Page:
The Sunbelt companies criticized by Ken Bryan are not the developers of The Gardens.
Two land companies have sued two Flagler County residents — including a Flagler Beach City Commission candidate — for defamation, after the residents made comments to protest a proposed housing development called The Gardens, on John Anderson Highway, in Flagler Beach.
The suit, filed by Chiumento Dwyer Hertel Grant, claims $30,000 in damages and demands a jury trial.
The two companies are Sunbelt Holdings Florida I LLC, of Nevada; and its parent company, Sunbelt Land Management LLC, of Delaware.
The named defendant, Ken Bryan, is a former St. Johns County Commissioner and is now running for Flagler Beach City Commission. (Another defendant is listed as Jane Doe but has not been identified.)
Bryan declined to comment until he had more time to examine the lawsuit, which was filed, but not yet served to him, on Feb. 4.
The suit states that Bryan attended a meeting on Nov. 7, hosted by a not-for-profit corporation called Preserve Flagler Beach and Bulow Creek Inc. At the meeting, the crowd of 100 discussed concerns they had with the proposed Gardens development.
At that point, Bryan explained to the crowd his experience with Sunbelt Holdings, which had been proposing to develop the Gun House Road property in St. Johns. According to Bryan, the company had clear cut the “entire property … after all the county employees had left.” Sunbelt Holdings was fined, but, Bryan said, “That’s just the cost of doing business.”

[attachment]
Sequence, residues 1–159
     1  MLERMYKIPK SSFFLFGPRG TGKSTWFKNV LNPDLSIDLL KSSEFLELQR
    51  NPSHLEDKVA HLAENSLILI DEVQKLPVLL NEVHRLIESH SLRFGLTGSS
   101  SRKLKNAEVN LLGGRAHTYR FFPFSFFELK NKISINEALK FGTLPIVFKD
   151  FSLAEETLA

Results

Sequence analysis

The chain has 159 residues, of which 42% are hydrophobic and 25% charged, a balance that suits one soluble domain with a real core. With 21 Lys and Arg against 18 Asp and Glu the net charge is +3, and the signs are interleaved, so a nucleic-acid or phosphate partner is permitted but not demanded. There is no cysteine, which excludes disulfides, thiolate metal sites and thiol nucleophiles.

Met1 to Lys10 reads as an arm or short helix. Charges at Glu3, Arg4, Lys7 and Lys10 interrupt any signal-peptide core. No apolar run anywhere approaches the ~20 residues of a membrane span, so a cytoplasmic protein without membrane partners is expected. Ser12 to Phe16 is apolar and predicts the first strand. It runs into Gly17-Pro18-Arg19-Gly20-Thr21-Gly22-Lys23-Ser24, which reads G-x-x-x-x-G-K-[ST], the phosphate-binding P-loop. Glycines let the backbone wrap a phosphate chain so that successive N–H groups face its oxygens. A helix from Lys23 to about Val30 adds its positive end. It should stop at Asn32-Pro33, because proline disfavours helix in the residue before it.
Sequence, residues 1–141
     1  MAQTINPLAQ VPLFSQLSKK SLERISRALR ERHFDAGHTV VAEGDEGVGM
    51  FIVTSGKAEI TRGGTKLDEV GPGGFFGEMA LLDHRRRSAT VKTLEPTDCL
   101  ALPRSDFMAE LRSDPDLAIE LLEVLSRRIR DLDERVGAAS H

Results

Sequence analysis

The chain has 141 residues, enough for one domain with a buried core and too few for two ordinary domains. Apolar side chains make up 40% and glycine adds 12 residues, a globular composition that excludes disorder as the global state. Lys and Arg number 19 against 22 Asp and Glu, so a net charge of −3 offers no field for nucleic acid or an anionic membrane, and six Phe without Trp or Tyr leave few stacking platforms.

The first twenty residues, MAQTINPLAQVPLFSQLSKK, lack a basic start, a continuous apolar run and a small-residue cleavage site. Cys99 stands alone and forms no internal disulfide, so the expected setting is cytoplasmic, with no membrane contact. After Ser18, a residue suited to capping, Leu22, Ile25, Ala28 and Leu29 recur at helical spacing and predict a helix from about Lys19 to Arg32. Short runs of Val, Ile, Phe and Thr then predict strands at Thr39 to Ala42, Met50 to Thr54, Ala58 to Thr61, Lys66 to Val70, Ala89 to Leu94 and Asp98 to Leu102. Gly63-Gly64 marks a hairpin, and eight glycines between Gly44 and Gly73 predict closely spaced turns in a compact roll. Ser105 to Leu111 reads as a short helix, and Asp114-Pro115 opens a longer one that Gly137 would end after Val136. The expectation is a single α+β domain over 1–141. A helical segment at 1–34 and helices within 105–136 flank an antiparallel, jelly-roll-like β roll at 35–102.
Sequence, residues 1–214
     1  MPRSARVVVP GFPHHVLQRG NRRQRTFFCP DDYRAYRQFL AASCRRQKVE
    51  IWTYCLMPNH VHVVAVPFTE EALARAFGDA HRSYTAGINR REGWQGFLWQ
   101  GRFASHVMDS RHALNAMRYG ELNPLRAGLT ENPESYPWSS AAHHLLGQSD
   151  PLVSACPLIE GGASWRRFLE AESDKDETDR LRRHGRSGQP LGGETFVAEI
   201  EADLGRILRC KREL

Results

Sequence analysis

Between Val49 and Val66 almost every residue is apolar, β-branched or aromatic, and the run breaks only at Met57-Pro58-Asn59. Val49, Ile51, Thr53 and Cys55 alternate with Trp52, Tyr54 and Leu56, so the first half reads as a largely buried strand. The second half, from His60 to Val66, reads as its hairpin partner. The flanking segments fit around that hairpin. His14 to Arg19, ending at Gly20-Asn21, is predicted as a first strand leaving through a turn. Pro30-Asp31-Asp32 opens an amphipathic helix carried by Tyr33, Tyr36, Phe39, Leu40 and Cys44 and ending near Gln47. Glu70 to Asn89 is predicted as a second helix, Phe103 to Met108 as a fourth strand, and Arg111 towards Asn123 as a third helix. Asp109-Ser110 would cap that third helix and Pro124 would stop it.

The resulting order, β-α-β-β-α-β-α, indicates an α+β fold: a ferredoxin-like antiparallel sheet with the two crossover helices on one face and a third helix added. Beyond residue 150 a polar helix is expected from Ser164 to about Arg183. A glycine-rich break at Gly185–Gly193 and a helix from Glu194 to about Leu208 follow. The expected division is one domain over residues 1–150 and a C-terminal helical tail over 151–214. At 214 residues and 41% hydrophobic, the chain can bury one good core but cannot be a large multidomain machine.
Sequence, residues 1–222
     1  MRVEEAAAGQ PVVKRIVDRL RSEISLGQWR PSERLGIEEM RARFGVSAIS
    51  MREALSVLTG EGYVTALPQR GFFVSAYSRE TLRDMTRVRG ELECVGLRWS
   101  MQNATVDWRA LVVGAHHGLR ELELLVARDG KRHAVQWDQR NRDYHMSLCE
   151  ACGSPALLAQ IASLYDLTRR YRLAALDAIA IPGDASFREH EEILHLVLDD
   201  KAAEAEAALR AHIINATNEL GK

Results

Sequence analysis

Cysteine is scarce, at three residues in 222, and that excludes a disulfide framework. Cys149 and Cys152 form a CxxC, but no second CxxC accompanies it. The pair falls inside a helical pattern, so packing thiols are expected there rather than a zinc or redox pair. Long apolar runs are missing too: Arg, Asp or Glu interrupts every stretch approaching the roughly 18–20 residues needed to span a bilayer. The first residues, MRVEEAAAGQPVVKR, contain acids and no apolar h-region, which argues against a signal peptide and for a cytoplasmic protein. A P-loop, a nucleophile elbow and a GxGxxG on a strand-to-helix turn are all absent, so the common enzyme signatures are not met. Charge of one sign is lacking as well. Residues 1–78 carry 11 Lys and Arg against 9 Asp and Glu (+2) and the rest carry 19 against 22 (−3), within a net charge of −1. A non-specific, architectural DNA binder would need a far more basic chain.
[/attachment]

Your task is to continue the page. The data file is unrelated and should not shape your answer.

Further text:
In other words, the lawsuit alleges, Bryan was leading the crowd to believe that Sunbelt Holdings had “thwarted government scrutiny,” “purposefully engaging in illegal activity.”
Jane Doe added that this was Sunbelt Holdings’ “mode of operation.”
In reality, the land was not clear-cut, according to the lawsuit.
Moreover, the Sunbelt companies are not directly connected with The Gardens on John Anderson Highway. The Gardens development is being proposed by a third company, Palm Coast Intracoastal LLC. All three are publicly represented by Ken Belshe, but they are separate entities.
And yet, both Bryan and Jane Doe made their comments after claiming to have done a great deal of research, and they did so with the intent to injure the reputation of the two Sunbelt companies, according to the lawsuit. The statements were made “in bad faith” and were slanderous, the lawsuit says.